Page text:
Beyond Cyber Security
Security is a very dynamic area both from the attacking and the defendant point of view. Changes occur continuously creating threats and opportunities. The time window to react on new threats is always shorter while the time to exploit them is always asymmetrically longer.
These changes are not always incremental in nature since they can be caused by disruptive technologies or events. Threats of disruptive nature can require longer time to address. Therefore, we think as ISSS that it is important to look not only at legacy security but also at what is coming next to increase awareness and capabilities to identify the new threats and to react to it.
ISSS is currently addressing the impact on security of several emerging technology topics that have or are about to change the landscape where businesses are operating and are providing information to grow awareness and to react to the new threats. Topic in our agenda, where we are looking at the security implications, are for example Artificial intelligence, Distributed ledger, Digital ID, Ransomware next generation, IOT, security in Metaverse and post quantum.
How AI is changing the security landscape
A good example on how the security landscape is changed by technology is represented by the usage of Artificial intelligence (AI) for cybersecurity. The usage of AI in cyber-defense allows to better correlate events, to recognize patterns and supports a more efficient identification of threats and attacks. On the other side AI is boosting the attacker’s capabilities, helping to identify quicker and systematically weaknesses in software, systems, controls and processes. Attacks can be more precise, with a better leverage on social engineering. Malware can be smarter, and obfuscation can be brought to further levels.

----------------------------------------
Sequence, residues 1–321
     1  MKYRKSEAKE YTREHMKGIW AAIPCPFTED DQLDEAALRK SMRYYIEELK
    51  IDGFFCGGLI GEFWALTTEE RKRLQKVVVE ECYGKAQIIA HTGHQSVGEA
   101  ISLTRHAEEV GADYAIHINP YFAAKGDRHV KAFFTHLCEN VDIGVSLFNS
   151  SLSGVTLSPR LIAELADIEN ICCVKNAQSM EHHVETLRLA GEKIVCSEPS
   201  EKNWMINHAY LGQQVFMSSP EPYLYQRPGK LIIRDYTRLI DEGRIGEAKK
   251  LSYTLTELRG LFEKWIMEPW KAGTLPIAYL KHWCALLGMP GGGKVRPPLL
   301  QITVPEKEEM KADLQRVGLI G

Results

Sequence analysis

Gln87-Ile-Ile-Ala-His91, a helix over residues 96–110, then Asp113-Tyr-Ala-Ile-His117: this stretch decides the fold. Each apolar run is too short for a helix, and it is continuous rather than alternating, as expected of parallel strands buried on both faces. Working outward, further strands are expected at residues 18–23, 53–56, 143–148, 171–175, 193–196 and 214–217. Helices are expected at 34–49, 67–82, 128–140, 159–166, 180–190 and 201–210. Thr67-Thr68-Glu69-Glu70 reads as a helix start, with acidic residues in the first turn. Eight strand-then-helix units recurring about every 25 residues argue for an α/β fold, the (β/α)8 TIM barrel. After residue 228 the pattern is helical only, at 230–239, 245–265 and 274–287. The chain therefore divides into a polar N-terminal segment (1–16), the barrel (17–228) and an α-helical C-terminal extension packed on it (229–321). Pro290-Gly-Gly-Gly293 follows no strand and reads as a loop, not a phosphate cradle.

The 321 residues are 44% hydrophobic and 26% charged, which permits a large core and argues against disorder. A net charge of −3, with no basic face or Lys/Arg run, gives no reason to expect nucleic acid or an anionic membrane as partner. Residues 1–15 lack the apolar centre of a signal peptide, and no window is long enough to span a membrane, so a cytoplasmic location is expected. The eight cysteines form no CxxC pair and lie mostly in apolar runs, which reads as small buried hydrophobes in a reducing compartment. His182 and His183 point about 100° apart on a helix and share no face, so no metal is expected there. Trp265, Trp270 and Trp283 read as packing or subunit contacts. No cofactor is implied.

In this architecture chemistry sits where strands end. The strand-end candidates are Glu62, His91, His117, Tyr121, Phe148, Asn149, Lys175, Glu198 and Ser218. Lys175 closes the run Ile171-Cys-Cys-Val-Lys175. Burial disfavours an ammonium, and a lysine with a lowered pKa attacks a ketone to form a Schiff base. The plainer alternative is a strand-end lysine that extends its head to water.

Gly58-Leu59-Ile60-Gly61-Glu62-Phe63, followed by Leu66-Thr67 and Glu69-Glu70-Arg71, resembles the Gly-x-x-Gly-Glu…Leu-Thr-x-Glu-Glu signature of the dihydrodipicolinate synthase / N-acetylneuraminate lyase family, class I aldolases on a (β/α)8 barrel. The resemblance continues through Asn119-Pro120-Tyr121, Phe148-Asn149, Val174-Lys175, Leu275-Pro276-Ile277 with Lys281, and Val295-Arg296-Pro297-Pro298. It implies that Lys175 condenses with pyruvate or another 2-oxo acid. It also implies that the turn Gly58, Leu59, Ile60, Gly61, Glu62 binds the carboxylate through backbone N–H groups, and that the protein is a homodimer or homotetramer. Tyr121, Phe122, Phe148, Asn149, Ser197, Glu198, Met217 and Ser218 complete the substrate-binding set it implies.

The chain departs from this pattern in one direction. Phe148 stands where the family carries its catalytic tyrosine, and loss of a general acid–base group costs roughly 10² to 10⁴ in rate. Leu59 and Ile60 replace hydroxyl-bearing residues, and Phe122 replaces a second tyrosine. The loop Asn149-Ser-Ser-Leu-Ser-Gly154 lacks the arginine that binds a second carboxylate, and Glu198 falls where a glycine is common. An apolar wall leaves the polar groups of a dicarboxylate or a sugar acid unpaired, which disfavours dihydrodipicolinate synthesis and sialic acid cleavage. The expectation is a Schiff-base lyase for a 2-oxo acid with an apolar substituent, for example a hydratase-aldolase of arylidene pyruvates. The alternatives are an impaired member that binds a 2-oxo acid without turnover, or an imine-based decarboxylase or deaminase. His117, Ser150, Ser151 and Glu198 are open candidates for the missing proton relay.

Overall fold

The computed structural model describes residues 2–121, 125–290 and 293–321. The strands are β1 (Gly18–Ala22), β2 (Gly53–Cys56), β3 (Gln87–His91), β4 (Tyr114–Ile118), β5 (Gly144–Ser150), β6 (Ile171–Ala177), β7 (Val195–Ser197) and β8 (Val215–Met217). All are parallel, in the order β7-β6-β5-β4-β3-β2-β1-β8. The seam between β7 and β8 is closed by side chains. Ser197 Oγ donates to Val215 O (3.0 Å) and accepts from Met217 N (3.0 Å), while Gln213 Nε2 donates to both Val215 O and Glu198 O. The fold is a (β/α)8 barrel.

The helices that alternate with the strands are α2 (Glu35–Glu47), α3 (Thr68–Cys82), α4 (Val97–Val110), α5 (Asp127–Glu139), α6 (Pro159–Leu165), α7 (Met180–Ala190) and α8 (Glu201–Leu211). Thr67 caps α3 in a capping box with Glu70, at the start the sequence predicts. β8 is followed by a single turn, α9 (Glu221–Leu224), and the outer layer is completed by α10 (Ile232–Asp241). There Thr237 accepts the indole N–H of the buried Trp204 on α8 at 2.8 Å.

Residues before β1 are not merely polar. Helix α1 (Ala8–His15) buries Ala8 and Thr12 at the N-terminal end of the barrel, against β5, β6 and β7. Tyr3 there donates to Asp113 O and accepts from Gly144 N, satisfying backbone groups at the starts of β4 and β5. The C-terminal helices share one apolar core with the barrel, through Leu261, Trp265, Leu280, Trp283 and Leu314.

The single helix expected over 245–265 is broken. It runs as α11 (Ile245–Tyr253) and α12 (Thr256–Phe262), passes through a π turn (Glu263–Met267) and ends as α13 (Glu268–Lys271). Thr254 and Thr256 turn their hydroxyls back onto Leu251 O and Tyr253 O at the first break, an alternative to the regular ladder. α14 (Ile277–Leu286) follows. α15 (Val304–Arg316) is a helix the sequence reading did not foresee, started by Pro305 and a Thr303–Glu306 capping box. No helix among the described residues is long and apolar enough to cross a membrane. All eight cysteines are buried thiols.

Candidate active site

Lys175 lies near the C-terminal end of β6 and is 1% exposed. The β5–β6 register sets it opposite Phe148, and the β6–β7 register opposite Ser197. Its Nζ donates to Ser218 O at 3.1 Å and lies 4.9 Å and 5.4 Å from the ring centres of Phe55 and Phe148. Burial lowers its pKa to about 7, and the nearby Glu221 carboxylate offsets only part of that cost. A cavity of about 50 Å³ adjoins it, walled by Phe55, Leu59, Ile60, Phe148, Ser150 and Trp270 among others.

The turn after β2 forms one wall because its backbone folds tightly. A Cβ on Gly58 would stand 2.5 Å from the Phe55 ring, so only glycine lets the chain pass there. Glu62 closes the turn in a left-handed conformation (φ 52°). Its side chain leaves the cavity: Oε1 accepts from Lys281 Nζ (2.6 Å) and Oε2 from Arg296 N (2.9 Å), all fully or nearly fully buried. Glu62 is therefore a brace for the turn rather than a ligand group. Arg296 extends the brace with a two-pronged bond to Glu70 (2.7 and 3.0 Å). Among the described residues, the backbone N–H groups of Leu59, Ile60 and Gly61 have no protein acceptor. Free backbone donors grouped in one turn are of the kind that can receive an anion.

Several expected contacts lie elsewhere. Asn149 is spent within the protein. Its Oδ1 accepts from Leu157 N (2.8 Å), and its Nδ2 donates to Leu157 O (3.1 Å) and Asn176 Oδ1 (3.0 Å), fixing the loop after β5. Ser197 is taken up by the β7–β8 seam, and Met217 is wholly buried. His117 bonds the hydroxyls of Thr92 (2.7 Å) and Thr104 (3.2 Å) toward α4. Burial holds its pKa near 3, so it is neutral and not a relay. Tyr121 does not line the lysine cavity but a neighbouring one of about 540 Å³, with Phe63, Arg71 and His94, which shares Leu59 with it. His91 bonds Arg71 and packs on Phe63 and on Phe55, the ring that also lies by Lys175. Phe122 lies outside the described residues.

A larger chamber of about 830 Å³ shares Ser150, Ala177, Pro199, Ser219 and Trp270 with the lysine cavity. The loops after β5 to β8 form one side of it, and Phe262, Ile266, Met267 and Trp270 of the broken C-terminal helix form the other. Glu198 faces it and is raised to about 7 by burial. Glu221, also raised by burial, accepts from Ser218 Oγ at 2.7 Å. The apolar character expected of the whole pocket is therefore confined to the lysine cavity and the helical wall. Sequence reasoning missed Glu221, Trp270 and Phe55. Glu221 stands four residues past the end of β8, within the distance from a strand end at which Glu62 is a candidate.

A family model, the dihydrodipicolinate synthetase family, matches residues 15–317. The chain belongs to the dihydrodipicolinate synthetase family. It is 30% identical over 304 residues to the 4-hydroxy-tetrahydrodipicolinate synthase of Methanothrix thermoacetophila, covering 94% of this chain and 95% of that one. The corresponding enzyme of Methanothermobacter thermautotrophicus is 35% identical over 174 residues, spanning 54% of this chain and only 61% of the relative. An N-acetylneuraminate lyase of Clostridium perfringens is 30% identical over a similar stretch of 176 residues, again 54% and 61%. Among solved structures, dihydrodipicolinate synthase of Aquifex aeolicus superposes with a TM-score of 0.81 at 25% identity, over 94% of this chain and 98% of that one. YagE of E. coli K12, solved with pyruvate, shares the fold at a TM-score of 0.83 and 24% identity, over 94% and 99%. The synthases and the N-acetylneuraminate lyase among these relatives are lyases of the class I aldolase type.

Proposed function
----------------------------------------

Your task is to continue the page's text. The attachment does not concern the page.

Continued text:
AI is available as a service and the creation of smarter attacks is becoming a commodity. These services can (and are) used to improve dramatically the efficiency of attacks. In august 2021 at DEF CON 29 conference e.g., we noted a presentation (Link) on how to create an efficient and well targeted phishing attack. The approach is using a workflow that leverages an API to a Human Resource AI service, to identify targets and collect information about them, and the OpenAI’s GPT3 capability to prepare appealing mails for the target. AI makes phishing attacks more precise and can scale, while the approach/tool is readily available.
Other examples of security implications of AI can be found in the increasing usage of deep fakes to attack human decisions but as well in automated controls, e.g. controls based on face recognition known from our smartphones or at gate controls. Refer for that to the JPEG Initiative on Fake Media (Link), a cooperation of several universities.